In order to approach this film from a Marxist perspective, we must first define what we mean by Marxism. In its original form, as developed by Karl Marx and Friedrich Engels, Marxism is a system of thought that views socioeconomic history through the lens of class conflict. In the capitalist stage of economic development, the class struggle is between the bourgeoisie, who own the means of production, and the proletariat, who, having no means of production themselves, must sell their labor for wages. The concentration of the means of production in the hands of a few allows the capitalist class to exploit labor as a commodity (“The exploitation of the many by the few,” [Marx and Engels, Manifesto, ch. 1]). The laborer, who is treated as merely a means of increasing capital, rather than as a being with physical, social, and spiritual needs, therefore becomes alienated not only from her own work, but also from her own humanity (Marx, “Working Day,” 388). The first stage in revolution, or radical socioeconomic change, is the development of a class-consciousness on the part of the proletariat that will cause it to work in its own best interest.
The film’s setting is symbolic: located outside of Liège, Belgium, along the Meuse River, it is a region significant as the first site of European industrialization in the early nineteenth century, and since the 1960s, known for its high unemployment and labor unrest (Baum, 104). Thus from the outset, the directors, well known for decades of filmmaking addressing the lives of the working poor in French-speaking Wallonia, seem to want to connect this intimate story with the wider history of capitalism and issues of labor injustice (Baum, 103).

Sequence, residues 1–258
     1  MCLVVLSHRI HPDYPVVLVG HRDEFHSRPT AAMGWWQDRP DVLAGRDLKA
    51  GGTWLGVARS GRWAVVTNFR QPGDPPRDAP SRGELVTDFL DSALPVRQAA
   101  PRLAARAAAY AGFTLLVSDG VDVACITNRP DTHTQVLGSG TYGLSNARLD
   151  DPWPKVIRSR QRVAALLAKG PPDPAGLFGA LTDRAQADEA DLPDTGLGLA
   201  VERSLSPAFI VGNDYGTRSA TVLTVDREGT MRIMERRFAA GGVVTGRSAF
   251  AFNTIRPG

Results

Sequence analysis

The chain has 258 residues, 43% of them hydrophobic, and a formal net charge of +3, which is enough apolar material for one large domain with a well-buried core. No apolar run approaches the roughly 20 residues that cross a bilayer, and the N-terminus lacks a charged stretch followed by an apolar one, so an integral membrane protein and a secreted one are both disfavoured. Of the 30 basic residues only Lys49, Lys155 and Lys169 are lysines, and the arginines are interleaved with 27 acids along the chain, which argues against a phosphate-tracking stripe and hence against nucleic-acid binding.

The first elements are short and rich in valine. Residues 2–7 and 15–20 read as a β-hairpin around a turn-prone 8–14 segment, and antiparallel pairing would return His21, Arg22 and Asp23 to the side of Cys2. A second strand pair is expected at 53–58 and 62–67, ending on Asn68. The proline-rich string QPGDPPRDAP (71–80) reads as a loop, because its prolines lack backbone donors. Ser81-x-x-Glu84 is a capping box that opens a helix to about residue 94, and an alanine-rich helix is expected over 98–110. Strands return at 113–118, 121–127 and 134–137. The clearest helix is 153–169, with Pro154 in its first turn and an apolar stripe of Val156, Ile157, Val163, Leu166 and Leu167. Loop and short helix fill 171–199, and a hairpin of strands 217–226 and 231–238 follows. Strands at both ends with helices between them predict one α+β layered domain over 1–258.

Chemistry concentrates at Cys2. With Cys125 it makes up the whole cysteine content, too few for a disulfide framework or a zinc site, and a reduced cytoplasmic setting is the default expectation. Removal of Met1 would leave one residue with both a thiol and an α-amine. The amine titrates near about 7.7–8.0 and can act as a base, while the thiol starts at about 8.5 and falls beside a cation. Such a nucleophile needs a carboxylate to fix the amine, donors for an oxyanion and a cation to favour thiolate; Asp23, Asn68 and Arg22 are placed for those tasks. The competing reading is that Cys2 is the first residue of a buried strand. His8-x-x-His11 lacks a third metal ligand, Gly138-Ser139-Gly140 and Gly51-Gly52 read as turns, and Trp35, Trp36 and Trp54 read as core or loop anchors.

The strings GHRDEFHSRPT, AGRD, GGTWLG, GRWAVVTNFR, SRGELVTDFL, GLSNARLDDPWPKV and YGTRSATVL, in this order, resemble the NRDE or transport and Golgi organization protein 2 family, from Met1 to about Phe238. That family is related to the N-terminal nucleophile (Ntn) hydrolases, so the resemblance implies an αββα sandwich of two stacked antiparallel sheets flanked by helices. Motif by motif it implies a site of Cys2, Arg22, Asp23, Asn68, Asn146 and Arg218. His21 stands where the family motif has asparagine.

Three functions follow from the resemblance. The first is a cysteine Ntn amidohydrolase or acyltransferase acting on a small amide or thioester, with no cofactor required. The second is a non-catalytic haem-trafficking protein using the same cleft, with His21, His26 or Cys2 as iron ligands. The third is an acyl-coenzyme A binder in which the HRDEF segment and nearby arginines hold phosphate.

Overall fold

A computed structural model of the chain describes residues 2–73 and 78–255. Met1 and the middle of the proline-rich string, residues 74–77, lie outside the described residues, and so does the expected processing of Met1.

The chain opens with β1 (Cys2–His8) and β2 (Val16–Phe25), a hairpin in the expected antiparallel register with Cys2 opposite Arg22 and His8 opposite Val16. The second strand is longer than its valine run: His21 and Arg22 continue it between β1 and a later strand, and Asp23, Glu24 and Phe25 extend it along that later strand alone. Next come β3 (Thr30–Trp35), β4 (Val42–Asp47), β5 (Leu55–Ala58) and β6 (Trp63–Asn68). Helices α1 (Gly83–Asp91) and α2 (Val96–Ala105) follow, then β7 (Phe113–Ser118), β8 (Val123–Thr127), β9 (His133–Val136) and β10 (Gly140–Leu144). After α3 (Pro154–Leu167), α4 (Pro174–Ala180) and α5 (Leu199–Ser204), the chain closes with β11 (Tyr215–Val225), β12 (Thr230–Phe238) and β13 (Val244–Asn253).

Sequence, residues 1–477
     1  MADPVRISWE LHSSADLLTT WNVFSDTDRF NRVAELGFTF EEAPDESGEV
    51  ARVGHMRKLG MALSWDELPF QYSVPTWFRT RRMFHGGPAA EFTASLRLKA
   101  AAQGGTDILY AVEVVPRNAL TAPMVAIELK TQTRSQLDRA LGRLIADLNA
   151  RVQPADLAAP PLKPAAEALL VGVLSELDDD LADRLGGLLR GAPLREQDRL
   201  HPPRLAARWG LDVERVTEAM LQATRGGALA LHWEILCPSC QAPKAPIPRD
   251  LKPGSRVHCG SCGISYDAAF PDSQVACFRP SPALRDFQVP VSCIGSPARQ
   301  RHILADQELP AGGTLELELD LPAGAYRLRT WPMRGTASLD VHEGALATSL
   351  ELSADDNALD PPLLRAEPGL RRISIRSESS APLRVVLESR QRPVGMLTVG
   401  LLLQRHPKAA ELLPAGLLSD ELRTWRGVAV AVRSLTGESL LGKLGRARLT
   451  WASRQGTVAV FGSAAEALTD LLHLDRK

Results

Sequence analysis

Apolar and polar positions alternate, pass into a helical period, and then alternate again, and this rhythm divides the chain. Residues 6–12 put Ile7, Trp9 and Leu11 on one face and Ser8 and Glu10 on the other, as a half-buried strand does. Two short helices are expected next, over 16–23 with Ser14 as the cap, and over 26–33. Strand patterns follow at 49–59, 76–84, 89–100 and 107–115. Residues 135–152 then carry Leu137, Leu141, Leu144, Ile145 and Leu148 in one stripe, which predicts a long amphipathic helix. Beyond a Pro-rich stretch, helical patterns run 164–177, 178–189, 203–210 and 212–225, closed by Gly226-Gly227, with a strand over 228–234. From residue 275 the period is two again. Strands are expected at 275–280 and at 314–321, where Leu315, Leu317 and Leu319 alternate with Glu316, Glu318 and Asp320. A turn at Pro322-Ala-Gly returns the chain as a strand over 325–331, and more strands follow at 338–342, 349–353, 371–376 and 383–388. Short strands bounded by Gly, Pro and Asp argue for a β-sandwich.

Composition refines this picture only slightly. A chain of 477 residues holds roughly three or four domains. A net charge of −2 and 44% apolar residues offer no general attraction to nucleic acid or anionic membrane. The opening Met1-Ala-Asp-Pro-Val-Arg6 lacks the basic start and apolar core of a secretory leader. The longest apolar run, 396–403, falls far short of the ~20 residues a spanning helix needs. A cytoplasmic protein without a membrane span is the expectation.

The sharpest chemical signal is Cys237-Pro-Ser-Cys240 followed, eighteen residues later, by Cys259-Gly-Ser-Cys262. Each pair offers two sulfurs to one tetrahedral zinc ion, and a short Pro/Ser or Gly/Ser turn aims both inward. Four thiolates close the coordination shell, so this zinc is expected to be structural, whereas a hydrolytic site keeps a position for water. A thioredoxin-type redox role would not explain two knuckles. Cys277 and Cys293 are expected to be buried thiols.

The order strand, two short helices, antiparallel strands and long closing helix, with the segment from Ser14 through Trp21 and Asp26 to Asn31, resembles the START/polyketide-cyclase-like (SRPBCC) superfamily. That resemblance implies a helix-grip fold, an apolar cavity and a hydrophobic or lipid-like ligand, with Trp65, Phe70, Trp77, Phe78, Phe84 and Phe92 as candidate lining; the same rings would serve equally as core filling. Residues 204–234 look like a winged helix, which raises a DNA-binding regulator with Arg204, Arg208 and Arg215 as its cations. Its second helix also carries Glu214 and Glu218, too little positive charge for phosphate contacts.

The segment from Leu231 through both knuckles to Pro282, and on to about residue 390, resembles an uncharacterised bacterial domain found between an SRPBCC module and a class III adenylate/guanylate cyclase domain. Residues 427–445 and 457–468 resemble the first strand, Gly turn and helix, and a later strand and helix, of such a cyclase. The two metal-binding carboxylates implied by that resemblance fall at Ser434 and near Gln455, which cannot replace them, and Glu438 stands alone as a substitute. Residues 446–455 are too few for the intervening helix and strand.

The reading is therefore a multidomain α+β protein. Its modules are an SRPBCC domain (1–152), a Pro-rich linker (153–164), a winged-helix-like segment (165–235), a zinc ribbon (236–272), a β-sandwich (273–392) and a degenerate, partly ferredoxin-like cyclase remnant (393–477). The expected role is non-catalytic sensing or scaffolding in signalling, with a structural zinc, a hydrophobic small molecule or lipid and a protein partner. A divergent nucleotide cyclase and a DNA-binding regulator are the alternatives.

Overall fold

Sandra Bya, the film’s protagonist, a young woman married with two children, works for a small company that manufactures solar cells. At the beginning of the film, she is just returning to work after a leave of absence due to depression and a suicide attempt. It is hinted that her nervous strain may be the result of work-related stress and of the family’s ongoing financial difficulties. Thus, from the start, as a protagonist, she could be said to represent self-alienation resulting from capitalist exploitation. According to Marx, capitalism not only robs human labor of its “moral and physical conditions of development;” it may also be responsible for the worker’s early death. The capitalist sees excess population as a labor surplus (cheap labor), rather than as “generations of human beings stunted, short-lived, quickly replacing each other” (Marx, “Working Day,” 390).